Toddlers or young children use their parent’s faces and tone of voice, along with their increasing understanding of language to make sense of their experiences.
Understanding your symptoms and behaviours
By understanding your mental illness, you will be more familiar with how it affects your emotions, behaviours and moods. Emotions, behaviours and moods affect how you view yourself and how others view you. They also affect your relationships, including with your child.
When you are unwell, it is important to be aware of how your symptoms can influence your behaviour, facial expressions and tone of voice. These are the changes that will be noticed by your toddler or young child.
The first important step is to reflect on the symptoms you experience and the behaviours your child sees and hears. Then consider how your symptoms and behaviours could affect the way your toddler or young child feels. COPMI's factsheet 'Communicating with your toddler or young child when you have a mental illness' has a useful reflective exercise to help (please see the link below). It can be helpful to do this activity with a partner, friend or health professional. You can also do the activity on your own.
As a parent it can be very challenging to think about how your toddler or young child views what is happening. It may be useful to talk with your health professional or another trusted support person about the impact of your mental illness on your role as a parent.
Understanding what your toddler or young child notices and experiences
Although a toddler or young child may be still be developing their understanding of what you say, they will be very sensitive and responsive to your emotions and to the tone of your voice. Toddlers and young children are very perceptive and can detect even the smallest change in their parents’ behaviour or body language (despite a parent trying to ‘hide’ any change).
You might notice that when you are struggling with your moods and emotions, your child’s responses may also change. Your child may be reacting to behaviours or situations they do not understand. They may need help to manage and name their feelings.
To help you reflect on this, consider the following questions:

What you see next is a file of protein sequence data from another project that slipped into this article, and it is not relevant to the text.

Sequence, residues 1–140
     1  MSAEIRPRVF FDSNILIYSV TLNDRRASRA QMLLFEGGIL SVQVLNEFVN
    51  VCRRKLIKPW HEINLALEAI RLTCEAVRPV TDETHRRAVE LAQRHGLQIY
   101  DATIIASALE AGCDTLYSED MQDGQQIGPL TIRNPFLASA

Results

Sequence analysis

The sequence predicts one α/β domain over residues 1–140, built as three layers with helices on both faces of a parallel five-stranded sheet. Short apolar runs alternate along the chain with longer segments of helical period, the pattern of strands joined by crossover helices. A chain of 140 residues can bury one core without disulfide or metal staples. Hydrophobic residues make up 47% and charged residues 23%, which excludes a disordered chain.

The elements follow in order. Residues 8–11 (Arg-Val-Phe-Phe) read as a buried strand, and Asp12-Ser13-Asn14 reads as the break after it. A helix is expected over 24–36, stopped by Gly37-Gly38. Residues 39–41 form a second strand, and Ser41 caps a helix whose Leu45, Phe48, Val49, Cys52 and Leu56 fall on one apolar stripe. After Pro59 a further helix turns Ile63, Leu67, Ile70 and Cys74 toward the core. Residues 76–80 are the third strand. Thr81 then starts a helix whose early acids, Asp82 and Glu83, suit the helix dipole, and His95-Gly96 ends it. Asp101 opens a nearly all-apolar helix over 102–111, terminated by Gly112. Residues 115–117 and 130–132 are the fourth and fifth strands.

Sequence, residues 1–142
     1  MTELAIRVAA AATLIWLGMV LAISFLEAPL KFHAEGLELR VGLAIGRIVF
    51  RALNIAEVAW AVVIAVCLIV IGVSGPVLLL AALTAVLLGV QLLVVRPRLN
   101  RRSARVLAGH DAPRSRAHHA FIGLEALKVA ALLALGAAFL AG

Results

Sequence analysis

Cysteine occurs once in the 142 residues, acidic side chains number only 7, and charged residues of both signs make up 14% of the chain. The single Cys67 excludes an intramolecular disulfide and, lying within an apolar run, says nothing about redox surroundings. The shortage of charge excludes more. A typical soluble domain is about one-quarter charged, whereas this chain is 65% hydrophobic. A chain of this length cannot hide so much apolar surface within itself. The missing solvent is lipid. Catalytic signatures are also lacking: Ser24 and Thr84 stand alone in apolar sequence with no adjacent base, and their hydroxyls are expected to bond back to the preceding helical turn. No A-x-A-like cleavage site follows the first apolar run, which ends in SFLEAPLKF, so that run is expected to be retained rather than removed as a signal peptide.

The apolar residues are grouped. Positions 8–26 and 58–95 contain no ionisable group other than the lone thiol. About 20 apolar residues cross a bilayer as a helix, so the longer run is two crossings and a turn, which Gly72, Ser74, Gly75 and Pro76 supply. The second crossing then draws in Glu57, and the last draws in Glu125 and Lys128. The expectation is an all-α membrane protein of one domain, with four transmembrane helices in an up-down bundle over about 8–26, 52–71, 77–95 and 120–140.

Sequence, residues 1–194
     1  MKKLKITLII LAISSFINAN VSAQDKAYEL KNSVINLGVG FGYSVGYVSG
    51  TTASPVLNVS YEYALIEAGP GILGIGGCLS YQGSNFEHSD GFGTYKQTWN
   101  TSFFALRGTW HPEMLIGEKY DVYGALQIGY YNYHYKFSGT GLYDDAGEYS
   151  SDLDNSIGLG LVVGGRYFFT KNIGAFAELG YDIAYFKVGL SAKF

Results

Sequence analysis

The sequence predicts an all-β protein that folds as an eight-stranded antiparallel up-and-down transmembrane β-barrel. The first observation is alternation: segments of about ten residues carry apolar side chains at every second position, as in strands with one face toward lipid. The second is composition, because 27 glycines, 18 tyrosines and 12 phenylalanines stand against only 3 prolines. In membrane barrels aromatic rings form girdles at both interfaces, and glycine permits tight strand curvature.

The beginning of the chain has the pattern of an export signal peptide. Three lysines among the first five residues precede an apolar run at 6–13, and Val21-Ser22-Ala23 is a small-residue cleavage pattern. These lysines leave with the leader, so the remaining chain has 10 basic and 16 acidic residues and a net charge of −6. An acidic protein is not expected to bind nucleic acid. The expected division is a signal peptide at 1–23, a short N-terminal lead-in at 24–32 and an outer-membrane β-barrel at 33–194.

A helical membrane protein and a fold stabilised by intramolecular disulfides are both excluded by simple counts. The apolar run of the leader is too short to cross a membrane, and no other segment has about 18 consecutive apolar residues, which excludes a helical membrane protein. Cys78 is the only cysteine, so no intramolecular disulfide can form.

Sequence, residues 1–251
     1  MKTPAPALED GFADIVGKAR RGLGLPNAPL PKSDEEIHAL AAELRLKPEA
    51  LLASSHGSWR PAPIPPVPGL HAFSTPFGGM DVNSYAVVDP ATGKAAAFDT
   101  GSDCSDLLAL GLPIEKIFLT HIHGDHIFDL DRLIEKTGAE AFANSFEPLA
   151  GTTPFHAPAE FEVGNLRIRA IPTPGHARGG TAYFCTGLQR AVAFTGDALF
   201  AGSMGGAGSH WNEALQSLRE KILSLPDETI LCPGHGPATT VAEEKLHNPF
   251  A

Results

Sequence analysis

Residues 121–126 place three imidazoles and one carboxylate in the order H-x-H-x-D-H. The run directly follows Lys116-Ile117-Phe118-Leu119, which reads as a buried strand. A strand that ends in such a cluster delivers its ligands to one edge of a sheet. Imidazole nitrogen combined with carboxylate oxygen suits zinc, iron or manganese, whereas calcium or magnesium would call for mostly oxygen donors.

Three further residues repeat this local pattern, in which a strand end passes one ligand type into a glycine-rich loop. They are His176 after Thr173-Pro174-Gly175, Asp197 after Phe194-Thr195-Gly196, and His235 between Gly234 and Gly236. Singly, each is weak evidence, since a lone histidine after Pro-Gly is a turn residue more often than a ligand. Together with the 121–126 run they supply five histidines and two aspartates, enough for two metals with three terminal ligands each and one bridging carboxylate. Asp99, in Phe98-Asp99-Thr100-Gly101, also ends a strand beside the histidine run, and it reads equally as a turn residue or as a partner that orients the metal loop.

what might your toddler or young child see in your face?
what might they hear in the tone of your voice?
how might they have made sense of this?
which of your behaviours might worry your toddler or young child?
what have you noticed about their reaction?
Communicating with your toddler or young child to support a nurturing connection
Quick tips for communicating and connecting with your toddler or young child:
let your child know, using simple language, that you are not well and it is not their job to worry as you are taking steps to get better.
if you are not feeling well and your child is distressed, try to manage your own feelings before trying to comfort them. Use a calm voice, gentle facial expressions and slowly lower your body to be with them.
sit quietly and have a cuddle, read a story or sing a song. If you do not have the energy to sing, listen to music together or just snuggle.
Start to link words to feelings. If you are feeling irritable, reassure your child by saying "Mummy/Daddy is grumpy/angry right now. You are not making me angry. It is just how I am feeling and I can see that this is making you sad."
You might start a conversation about your mental illness with:
"I know I used my angry voice. I want you to know I am not angry with you. I can see it makes you sad/frightened when I use my angry voice. I will try to use my quiet voice when I am talking to you."
"Mummy/Daddy is unwell and that is why I'm tired and sleep at lot. I do not like feeling this way, but I do like to spend time with you. Can we do something quietly together?"
Tips to remember
Toddlers and young children communicate feelings, frustration and their need for attention with their behaviour.
Toddlers and young children need to trust that you can respond to their needs in a calm and positive way.
Encourage your toddler or young child to use words to express their feelings. For example, "I can see you are looking sad. Are you feeling sad?" or "I can hear you using your angry voice. Are you feeling cross/frustrated?"
Spend time with your child each day. Plan ahead if you know you will not have a lot of energy. Tell stories, read a book, listen to children's music or play in the sand.
Although discussions might be short, their meaning is important. Small conversations can build on your child’s and your family’s shared understanding over time.
Your child needs to know that they have not caused you to be unwell, it is not their fault and that you are taking steps to get well.
Other trusted adults can be helpful when explaining your mental illness to your child. Consider grandparents, other family members or good friends. Have a conversation with these people. Tell them about the information you have given your child and the information you would like them to share with your child. Also tell them if there is any information that you do not want to be shared with your child.